Using observations to recognize the behavior of interacting multi-agent systems
Feldman, Adam Michael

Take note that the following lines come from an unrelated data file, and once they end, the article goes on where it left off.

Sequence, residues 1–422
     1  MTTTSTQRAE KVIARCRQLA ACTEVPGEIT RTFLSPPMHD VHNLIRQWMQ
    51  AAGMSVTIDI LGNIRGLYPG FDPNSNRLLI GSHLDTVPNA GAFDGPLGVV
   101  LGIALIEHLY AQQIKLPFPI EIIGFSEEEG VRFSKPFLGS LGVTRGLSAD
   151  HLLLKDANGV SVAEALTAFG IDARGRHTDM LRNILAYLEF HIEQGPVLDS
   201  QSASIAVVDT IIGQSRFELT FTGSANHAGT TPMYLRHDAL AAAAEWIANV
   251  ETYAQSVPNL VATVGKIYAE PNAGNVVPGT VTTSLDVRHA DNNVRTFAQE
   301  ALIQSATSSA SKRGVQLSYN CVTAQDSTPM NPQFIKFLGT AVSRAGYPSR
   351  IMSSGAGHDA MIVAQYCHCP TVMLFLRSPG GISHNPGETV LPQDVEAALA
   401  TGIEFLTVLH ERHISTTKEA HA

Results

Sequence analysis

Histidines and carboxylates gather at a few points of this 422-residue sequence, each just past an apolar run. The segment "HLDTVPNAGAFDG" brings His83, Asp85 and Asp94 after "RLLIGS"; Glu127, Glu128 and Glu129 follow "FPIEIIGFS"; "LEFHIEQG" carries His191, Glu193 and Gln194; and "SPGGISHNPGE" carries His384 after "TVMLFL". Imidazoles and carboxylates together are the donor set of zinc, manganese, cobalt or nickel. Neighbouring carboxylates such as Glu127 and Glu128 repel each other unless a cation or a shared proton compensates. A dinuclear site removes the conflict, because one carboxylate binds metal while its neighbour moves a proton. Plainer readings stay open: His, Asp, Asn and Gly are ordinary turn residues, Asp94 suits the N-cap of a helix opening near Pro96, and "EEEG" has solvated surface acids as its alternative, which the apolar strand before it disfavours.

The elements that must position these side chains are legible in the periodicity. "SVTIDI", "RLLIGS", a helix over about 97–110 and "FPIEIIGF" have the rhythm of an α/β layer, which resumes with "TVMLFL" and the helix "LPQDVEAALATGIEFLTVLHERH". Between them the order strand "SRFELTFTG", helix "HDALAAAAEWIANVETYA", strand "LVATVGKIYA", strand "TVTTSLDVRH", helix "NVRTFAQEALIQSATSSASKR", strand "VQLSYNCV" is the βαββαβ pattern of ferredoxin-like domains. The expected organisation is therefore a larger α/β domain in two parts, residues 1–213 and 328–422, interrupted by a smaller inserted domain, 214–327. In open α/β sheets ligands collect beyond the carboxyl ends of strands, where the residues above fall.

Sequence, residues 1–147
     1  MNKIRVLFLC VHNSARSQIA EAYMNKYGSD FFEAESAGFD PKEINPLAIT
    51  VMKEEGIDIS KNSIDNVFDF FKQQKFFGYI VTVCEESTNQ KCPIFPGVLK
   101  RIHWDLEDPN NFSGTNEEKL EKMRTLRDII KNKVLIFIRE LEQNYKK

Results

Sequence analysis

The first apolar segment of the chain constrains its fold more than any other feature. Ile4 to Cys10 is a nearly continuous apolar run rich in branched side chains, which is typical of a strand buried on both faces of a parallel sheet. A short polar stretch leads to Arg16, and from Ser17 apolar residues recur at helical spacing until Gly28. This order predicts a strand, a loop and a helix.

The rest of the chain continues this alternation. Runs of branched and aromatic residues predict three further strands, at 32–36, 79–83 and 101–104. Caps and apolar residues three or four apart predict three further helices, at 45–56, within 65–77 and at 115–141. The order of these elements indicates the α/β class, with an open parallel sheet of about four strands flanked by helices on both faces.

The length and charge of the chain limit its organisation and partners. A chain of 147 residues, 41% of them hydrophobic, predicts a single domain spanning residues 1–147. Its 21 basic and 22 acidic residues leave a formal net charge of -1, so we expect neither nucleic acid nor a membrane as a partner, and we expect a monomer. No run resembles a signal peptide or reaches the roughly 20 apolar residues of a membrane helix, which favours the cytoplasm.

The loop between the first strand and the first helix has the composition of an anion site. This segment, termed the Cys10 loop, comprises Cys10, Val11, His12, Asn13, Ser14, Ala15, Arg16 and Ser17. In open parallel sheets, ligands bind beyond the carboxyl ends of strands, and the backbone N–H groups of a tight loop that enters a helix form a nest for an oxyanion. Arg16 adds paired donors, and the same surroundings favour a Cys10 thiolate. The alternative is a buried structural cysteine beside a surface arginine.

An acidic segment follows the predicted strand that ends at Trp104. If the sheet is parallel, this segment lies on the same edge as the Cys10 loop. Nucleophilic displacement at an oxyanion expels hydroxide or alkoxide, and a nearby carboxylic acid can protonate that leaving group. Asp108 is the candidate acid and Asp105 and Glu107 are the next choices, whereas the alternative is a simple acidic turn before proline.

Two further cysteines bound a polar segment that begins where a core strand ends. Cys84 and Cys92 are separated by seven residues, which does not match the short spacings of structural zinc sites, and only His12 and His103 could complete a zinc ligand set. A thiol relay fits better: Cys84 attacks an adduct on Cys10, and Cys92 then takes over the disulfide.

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Behavioral research involves the study of the behaviors of one or more agents (often animals) in order to better understand the agents' thoughts and actions. Identifying subject movements and behaviors based upon those movements is a critical, time-consuming step in behavioral research. To successfully perform behavior analysis, three goals must be met. First, the agents of interest are observed, and their movements recorded. Second, each individual must be uniquely identified. Finally, behaviors must be identified and recognized. I explore a system that can uniquely identify and track agents, then use these tracks to automatically build behavioral models and recognize similar behaviors in the future. I address the tracking and identification problems using a combination of laser range finders, active RFID sensors, and probabilistic models for real-time tracking. The laser range component adds environmental flexibility over vision based systems, while the RFID tags help disambiguate individual agents. The probabilistic models are important to target identification during the complex interactions with other agents of similar appearance. In addition to tracking, I present work on automatic methods for generating behavioral models based on supervised learning techniques using the agents' tracked data. These models can be used to classify new tracked data and identify the behavior exhibited by the agent, which can then be used to help automate behavior analysis.